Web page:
A meta-analysis of VO2 max literature reports that a modest increase in VO2 max—a rise of just one metabolic equivalent (MET, 3.5 mL/kg/min)—is associated with a 10 to 15% increase in survival of cardiovascular disease and all-cause mortality.
Still, though, there’s no need for the vast majority of people to engage in VO2 max testing, since there are many simpler ways to measure your cardiovascular health and endurance. Resting heart rate and your one-mile-run time are good examples.
What Is A Good VO2 Max?
This may come as a surprise, but there’s no defined “good” or “bad” VO2 max value, Dr. Peña-Hernández says.
There’s no volume of oxygen anyone “should” be able to consume, per se, rather a range of values that indicate a person is generally healthy.
That range is pretty large, according to Dr. Peña-Hernández: 25 to 85 mL/kg/min.
There are some averages, however, that you can use as a baseline to see where your fitness lies among other people your age and sex.
VO2 Max vs. Lactate Threshold
Lactate threshold, also called the anaerobic threshold, is defined as “the highest sustained intensity of exercise for which measurement of oxygen uptake can account for the entire energy requirement.”
At your anaerobic threshold, the rate of blood lactate accumulation is the same as its rate of disappearance, meaning your body is still able to use oxygen for energy demands.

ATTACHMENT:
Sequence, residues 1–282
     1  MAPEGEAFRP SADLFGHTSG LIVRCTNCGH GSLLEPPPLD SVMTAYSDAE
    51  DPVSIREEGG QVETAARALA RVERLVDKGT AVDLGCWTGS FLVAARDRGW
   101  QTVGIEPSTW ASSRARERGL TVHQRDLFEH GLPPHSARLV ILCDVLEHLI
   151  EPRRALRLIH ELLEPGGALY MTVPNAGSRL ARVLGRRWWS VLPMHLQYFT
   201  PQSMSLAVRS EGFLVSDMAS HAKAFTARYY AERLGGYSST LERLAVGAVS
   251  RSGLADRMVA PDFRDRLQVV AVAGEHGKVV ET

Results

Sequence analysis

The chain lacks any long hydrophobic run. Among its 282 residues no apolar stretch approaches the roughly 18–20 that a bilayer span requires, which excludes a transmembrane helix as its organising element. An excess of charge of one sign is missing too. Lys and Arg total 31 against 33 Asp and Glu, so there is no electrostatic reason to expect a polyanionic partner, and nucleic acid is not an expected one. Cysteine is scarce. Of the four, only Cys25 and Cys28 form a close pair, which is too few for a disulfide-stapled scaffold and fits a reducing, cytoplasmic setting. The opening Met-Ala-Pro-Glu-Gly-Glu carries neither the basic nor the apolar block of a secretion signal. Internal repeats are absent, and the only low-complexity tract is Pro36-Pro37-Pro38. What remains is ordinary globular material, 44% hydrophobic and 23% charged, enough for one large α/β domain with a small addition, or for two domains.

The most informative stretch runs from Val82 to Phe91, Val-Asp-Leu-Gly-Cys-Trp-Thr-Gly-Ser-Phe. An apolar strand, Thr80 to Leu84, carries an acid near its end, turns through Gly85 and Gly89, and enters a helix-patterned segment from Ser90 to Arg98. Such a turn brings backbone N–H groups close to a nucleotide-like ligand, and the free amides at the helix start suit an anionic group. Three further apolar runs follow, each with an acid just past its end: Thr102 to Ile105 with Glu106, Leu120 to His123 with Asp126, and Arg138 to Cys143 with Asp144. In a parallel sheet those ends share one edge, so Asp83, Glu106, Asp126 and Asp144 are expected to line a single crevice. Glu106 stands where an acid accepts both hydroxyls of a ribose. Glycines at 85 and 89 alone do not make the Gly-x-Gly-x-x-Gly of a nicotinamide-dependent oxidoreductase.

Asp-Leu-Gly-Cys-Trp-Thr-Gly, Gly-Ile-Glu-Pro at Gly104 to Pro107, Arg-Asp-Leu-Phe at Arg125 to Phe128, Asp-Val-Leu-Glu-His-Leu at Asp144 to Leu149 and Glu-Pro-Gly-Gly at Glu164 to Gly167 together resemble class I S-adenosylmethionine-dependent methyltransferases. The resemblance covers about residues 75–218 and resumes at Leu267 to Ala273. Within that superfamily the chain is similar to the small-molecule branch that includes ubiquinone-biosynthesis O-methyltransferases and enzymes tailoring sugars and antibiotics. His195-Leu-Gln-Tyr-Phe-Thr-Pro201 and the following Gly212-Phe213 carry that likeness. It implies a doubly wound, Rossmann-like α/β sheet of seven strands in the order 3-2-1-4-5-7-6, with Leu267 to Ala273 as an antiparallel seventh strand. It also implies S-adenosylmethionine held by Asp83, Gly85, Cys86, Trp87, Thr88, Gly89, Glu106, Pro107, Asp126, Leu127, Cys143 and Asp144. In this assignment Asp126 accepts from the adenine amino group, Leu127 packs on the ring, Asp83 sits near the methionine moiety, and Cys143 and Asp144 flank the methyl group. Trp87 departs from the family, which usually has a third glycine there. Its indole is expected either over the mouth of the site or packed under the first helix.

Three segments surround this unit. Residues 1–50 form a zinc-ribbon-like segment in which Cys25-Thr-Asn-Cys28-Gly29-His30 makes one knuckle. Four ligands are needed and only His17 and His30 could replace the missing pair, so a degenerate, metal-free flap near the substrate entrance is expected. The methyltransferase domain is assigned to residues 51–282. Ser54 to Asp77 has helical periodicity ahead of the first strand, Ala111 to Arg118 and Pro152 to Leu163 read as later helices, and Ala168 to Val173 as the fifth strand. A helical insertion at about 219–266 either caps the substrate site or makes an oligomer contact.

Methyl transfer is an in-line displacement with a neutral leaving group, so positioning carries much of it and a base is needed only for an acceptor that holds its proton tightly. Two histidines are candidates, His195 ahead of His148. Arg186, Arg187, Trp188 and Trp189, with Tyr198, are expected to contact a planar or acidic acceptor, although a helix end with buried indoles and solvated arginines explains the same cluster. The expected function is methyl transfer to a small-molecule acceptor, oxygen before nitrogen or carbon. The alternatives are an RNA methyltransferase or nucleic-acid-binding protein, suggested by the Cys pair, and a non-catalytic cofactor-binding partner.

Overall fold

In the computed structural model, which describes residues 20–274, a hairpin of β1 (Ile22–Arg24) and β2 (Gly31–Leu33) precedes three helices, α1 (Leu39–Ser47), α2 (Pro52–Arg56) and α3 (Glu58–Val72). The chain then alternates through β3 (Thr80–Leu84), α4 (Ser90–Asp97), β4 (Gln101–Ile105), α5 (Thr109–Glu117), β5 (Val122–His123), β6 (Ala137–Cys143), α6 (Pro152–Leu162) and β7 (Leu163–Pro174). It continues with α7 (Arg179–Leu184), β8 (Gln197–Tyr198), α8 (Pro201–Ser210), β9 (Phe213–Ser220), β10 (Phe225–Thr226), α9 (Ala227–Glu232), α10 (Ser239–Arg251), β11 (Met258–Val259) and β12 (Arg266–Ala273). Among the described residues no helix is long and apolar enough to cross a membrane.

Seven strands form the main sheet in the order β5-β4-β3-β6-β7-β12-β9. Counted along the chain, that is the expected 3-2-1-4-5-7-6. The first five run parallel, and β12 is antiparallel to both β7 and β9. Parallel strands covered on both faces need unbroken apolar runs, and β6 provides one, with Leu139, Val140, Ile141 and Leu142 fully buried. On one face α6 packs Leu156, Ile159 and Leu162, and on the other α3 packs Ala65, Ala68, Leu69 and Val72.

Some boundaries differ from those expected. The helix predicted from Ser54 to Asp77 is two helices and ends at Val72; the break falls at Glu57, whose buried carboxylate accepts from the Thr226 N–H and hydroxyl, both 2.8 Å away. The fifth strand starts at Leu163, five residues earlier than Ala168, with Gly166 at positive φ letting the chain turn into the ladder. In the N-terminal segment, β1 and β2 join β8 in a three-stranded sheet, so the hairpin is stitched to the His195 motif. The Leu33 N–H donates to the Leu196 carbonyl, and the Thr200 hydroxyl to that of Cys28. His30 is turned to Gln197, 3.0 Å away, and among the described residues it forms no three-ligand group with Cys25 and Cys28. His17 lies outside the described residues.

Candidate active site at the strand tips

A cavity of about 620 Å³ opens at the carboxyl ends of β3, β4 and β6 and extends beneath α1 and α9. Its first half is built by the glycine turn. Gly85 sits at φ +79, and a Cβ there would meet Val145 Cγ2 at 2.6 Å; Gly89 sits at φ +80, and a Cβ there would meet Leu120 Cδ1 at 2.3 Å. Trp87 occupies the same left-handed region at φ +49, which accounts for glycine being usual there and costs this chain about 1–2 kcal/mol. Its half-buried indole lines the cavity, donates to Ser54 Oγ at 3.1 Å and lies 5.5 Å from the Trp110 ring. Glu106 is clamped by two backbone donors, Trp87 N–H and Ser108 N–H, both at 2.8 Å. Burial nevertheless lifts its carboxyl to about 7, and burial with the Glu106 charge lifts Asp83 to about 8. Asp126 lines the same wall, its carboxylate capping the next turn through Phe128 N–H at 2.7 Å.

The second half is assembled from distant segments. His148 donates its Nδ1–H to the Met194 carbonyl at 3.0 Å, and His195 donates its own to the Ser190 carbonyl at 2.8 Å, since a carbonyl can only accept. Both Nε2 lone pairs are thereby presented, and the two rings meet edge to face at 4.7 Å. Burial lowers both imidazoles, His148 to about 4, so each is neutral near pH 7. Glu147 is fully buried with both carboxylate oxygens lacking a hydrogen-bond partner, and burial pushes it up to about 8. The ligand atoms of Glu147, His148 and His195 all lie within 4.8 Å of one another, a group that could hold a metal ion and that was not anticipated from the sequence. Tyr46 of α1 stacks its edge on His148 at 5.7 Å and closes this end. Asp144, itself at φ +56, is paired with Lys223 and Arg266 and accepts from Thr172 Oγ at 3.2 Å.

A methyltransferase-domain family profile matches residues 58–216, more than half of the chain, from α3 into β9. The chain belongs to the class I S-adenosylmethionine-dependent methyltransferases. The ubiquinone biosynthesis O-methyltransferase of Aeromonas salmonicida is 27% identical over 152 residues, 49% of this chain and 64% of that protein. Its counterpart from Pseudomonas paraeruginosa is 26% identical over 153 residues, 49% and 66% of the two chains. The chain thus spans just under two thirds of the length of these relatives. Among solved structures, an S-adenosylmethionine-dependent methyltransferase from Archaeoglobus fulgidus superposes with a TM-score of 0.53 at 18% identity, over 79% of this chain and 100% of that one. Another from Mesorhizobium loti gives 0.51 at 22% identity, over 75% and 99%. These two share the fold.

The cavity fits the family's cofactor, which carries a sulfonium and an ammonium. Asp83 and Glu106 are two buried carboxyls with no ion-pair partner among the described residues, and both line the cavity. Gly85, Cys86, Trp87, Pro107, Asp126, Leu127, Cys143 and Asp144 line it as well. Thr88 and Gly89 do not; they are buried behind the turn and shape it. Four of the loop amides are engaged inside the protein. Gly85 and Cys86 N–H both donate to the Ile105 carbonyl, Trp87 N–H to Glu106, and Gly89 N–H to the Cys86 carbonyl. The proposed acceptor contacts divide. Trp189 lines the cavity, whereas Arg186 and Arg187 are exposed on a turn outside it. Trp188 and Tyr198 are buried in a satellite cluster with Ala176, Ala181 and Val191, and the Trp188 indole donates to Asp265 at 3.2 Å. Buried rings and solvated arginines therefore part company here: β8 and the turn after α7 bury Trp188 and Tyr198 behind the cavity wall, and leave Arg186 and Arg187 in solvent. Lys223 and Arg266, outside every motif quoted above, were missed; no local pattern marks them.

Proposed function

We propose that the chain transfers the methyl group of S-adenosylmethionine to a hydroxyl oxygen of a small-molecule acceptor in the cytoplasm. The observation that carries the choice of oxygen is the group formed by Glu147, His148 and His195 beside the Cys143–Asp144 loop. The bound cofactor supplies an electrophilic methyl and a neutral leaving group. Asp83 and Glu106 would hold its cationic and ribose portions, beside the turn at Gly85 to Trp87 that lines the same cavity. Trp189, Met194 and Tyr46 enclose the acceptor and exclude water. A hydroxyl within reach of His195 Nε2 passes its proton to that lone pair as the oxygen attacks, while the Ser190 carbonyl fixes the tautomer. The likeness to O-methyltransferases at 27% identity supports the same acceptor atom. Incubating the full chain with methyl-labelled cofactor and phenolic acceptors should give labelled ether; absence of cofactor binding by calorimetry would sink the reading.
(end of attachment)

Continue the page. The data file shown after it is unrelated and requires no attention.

But the moment you surpass your anaerobic threshold is the point at which your body switches energy systems, relying less on aerobic metabolism (oxygen) and more on anaerobic metabolism (lactate and glucose).
VO2 max is not the same thing as lactate threshold, although both are measurements of cardiorespiratory fitness.
The two measurements are related: Your lactate threshold occurs at a percentage of your VO2 max, which can range from 60 to 75% for the average fit person and up to 90% for elite athletes.
How To Increase Your VO2 Max
“Maintaining an active lifestyle, a healthy diet, and getting plenty of sleep would improve anyone’s cardiovascular endurance,” Dr. Peña-Hernández.
It really is that simple! (Not easy, of course, but simple.)
That said, if you’re really serious about increasing your aerobic capacity—with or without concrete VO2 max measures—the answer is high-intensity cardio training.
To increase the amount of oxygen you can consume in a given amount of time, you’ll need to push yourself to and past your anaerobic threshold over and over again in the pursuit of improving your body’s ability to use oxygen for energy under high duress.